Okay. In full disclosure, I’m an investor in Woven, a two-time investor. I love Wes and his team, and everything they’re doing there. He’s really, I mean the whole team, but him in particular is just super smart about how they’re being systematic about how they grow the company, and how they’re doing sales development in particular, and how they’re doing their customer acquisition. It’s just all very, very impressive.

CHELSEA:
Yeah, it really is. They were in our first cohort of gBETA in Indy, too.

PAT:
And so, did you know they were … I mean, they’re not successful yet. I think they have some seeds of success. They just raised a million-dollar round and they’re starting to really ramp up their sales quite a bit. Could you tell that they were going to be successful in that first cohort, or do all startups look equally horrible at the very beginning?

CHELSEA:
I mean, there’s always the ones you feel really good in your gut about. And I would say that Wes and his team, because of the domain experience and technical skills that they have, I knew that they were the team that could. If anybody could do it, it would be them. So I definitely felt confident about them from day one.

PAT:
And one other thing that I really liked that they did, was they truly thought about their software company. It’s a SaaS company. They truly thought about it as a software as a service company. They were doing everything manually before they started building all the software, and for three engineers, that is not what you would expect them to do. Right? You would expect them to sit in a room for two years, and build this, and then release it to the public. But they did it completely the opposite. They did everything on Excel spreadsheets, and they figured out, okay, here’s what the decision tree looks like for finding a good developer versus bad developer. And then they implemented that by hand, right?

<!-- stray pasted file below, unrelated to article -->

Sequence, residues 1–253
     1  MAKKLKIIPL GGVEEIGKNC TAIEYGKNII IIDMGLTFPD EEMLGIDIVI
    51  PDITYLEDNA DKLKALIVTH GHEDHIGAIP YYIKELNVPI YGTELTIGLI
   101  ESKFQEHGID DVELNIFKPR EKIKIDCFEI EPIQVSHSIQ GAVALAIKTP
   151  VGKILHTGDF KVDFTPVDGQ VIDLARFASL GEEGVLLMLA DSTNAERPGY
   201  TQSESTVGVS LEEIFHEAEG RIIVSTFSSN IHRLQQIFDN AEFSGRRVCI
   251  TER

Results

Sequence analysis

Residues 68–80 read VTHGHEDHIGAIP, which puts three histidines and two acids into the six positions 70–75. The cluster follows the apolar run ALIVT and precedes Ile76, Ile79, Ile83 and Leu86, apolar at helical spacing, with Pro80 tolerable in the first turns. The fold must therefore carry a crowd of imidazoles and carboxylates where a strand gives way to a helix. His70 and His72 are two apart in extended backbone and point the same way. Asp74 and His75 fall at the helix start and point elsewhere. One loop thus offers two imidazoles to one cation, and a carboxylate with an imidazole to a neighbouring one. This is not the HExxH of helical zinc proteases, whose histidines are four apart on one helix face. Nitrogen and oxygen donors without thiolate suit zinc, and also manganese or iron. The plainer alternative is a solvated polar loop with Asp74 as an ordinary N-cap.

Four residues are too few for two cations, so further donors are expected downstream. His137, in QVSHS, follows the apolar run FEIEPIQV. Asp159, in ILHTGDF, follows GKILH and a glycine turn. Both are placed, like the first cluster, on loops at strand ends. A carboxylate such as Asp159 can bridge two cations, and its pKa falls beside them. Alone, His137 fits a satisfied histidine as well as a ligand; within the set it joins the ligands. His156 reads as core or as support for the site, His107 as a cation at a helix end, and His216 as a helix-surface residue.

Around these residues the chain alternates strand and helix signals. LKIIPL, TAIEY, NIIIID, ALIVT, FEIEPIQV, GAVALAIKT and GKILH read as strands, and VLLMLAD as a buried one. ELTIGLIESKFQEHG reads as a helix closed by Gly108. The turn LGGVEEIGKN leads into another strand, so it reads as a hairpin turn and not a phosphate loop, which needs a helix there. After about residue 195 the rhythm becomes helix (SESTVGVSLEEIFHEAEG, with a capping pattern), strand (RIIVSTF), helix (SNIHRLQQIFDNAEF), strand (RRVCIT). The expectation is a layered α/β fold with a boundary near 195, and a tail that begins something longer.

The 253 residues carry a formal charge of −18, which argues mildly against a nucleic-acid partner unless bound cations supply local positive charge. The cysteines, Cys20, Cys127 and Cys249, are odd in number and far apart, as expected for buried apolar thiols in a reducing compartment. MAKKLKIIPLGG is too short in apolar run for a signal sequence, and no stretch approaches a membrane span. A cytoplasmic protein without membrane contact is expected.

CHELSEA:
Yep. I was there. Yeah, I think that again, they just really knew that they needed to be getting communication and feedback from their customers from day one, and that it didn’t make sense to build something right away, until they knew exactly what they needed to build. I think they had a benefit in being developers, and knowing how much time and effort goes into building a product like that, and that they didn’t want to have to do it twice or more than twice.

PAT:
And so, their domain experience really led them to this insight of, “Okay, resumes of good developers don’t always look … Those resumes just don’t look good.” So it led them to this insight of, “Okay, how do we find good developers with bad-looking resumes?” Were you the one that coached them on, “Hey, you need to really figure out how to do this manually first”? Or did they just kind of figure that out on their own?

CHELSEA:
I think they were already doing that when I first met them. So they were already pretty much ready to start acquiring customers right when they got into gBETA, and we’re looking forward to starting to really accelerate the growth of the business, which is why I think the gBETA program was a good fit for them at that time.

PAT:
So Woven is a really good example of good product-market fit, or certainly they’re getting there. Without naming any names, can you maybe talk generally about a company who’s had bad product-market fit, and maybe some of the mistakes they made along the way, and why they didn’t pivot or why their pivots were unsuccessful?